Friday, June 25, 2010

The Hidden Girl: A True Story of the Holocaust

The Hidden Girl: A True Story of the Holocaust is an amazing story of the resilience and strength of one child and her survival during and after the Holocaust. Lola Rein lives with her Jewish parents and grandparents in the Polish town of Czortkow. She is five years old when she has her first real memories of her childhood. In September 1939 Russian soldiers take over the small town and for a brief moment the Jewish population hopes their lives will be better, but the Poles are angered by their own treatment and lash out at the Jews. Over the next few years, conditions worsen and in 1941 the German army takes over the town. At this point, the Ukrainians lash out at the Jewish population. In April 1942, Lola and her family are moved to a ghetto. In 1943, Lola is eight years old when her mother is shot in cold blood by the Gestapo. A few months later, Lola's grandmother makes the decision to send Lola into hiding. She arranges to pay a Ukrainian woman to take Lola into her home.

So began Lola's lonely journey of suvival. She only lives with the Ukrainian woman for a few months and then is moved to the woman's sister's house where she hids in a six foot by six foot hole in the barn with three other Jews. She is wearing the dress embroidered by her mother and does not take it off for the nine months she is hidden in the hole. When she and the other Jews are liberated, Lola has no where to go. She returns to her home town and finds that her grandmother has been murdered. She begins walking with other displaced persons toward the Russian border. She passes out on the road and is rescued by a Russian soldier. She continues her journey until she is reunited with two of her uncles and their families. Ultimately at the age of twelve, Lola immigrates to the United States.

As in other memoirs, silence is a common thread. Lola writes,
RAfter the war, many hidden children - those in Europe, those in America, those in Israel - have something in common: silence. The years pass; hidden children grow up. They don't discuss what happened to them with thier friends. They fall in love, and get married. They don't talk about the war years with their husbands and wives. They have children of their own. They don't tell their children. (p. 85)

What a blessing that so many of these hidden children have now chosen to tell their stories. Our lives are enriched by their truths and our memories are secured. We will be alert to such hatred and honor their memories with diligence in fighting discrimination.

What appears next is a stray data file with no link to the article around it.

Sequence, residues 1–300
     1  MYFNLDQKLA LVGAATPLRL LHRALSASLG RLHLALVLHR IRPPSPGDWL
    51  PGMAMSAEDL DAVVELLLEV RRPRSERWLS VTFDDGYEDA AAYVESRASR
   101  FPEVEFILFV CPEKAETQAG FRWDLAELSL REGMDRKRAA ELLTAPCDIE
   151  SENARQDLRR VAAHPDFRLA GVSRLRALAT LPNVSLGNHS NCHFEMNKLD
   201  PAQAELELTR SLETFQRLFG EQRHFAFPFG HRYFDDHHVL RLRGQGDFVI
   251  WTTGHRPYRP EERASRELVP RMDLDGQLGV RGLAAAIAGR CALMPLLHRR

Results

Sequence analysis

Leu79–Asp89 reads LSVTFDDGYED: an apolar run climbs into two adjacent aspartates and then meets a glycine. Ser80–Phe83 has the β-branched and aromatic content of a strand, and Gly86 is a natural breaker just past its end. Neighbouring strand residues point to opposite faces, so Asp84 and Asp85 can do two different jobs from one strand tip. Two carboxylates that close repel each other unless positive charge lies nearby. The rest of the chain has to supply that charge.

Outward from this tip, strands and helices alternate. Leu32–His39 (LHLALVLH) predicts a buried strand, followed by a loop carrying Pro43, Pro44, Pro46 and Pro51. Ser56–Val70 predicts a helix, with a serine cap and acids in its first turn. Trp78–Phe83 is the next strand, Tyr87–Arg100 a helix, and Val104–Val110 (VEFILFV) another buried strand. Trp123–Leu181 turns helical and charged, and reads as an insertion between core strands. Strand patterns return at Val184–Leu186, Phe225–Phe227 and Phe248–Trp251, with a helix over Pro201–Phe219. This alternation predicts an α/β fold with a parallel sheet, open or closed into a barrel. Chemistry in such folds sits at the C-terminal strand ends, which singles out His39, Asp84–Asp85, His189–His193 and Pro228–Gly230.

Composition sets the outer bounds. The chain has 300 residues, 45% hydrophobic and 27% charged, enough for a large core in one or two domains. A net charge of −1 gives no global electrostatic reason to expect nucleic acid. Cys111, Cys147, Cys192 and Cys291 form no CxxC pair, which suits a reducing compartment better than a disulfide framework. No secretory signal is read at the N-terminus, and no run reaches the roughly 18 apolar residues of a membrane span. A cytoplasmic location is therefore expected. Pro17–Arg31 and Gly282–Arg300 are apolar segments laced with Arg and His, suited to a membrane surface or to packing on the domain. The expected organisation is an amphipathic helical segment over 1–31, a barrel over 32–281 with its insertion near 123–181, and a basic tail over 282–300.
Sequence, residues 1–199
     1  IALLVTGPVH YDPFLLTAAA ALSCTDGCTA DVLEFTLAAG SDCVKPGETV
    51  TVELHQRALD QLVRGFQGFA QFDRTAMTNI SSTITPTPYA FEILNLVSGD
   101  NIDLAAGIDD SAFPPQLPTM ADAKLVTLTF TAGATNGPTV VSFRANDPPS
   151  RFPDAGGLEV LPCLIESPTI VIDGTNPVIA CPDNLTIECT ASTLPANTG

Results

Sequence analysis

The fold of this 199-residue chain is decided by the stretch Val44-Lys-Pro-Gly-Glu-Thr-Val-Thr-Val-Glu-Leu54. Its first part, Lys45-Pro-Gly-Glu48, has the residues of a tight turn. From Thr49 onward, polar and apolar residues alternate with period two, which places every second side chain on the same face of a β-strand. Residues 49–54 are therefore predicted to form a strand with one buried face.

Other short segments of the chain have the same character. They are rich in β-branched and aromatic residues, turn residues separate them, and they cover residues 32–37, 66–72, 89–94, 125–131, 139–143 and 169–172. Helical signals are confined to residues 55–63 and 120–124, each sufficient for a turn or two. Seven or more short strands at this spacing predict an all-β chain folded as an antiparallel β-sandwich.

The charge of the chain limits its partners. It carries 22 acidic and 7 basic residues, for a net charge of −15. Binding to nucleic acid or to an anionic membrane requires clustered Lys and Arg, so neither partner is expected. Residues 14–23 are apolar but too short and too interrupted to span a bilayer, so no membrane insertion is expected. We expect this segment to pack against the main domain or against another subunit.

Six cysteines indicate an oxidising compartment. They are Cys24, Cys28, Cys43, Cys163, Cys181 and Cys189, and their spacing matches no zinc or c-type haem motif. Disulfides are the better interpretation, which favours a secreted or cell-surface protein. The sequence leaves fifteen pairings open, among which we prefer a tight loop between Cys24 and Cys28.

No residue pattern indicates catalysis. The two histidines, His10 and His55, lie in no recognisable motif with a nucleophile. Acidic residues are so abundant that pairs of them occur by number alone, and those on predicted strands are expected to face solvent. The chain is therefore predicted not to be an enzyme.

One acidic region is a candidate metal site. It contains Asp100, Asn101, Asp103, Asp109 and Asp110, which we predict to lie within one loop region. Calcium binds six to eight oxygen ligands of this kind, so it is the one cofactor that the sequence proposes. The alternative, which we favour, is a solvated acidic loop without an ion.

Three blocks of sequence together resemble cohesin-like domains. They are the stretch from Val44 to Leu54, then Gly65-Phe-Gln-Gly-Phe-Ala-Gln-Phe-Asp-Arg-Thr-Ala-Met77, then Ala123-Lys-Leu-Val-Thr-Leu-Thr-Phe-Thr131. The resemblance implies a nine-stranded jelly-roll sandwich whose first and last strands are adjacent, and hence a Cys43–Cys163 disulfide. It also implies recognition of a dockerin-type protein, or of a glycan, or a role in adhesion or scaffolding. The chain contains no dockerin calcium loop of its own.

To listen to the author tell parts of her story recounted in the book, click here. Lola's story is beautifully told, with pictures of the author and dress, at the virtual museum of the United States Holocaust Memorial Museum. The dress remains at the museum for all to remember.

TITLE: The Hidden Girl: A True Story of the Holocaust
AUTHOR: Lola Rein Kaufman with Lois Metzger
TYPE: Biography, Holocaust literature
RECOMMEND: This book is almost unfathomable. I have seen eight year old children who are unable to spend the night at a friend's house, much less hide alone for such a period of time. Lola believed in her family and did as she was told by her grandmother. What courage and strength.

Thursday, June 10, 2010

Benno and the Night of Broken Glass

In Benno and the Night of Broken Glass, a children's book perfect for introducing the Holocaust, author Meg Wiviott introduces the reader to Number 5 Rosenstrasse in Berlin. The year is 1938 and Benno, an orange and white cat, lives on this street with families and businesses owned by both Germans and Jews. Benno visits each of the families and watches as the children play together. But suddenly Benno notices changes. The little Jewish girl walks to school alone. Some of the businesses are no longer open. And men with big boots walk through the street. But worst of all is the Night of Broken Glass with the men with brown shirts and boots broke the glass in many of the stores and set fire to the synagogue down the street. Benno notices that some stores and homes are not harmed. The next morning he waits for the little Jewish girl to go to school. Benno never see her again. Benno still sleeps at Number 5 Rosenstrasse, but
But life on Rosenstrasse would never be the same. (n.p.)

The author provides historical context in an afterword which is helpful for teachers who would like to use the book in the classroom. Or useful even for older students who are researching the subject.

TITLE: Benno and the Night of Broken Glass
AUTHOR: Meg Wiviott
ILLUSTRATOR: Josee Bisaillon
TYPE: Holocaust fiction
RECOMMEND: This is a very thoughtful and personalized (through Benno) account of Kristallnacht.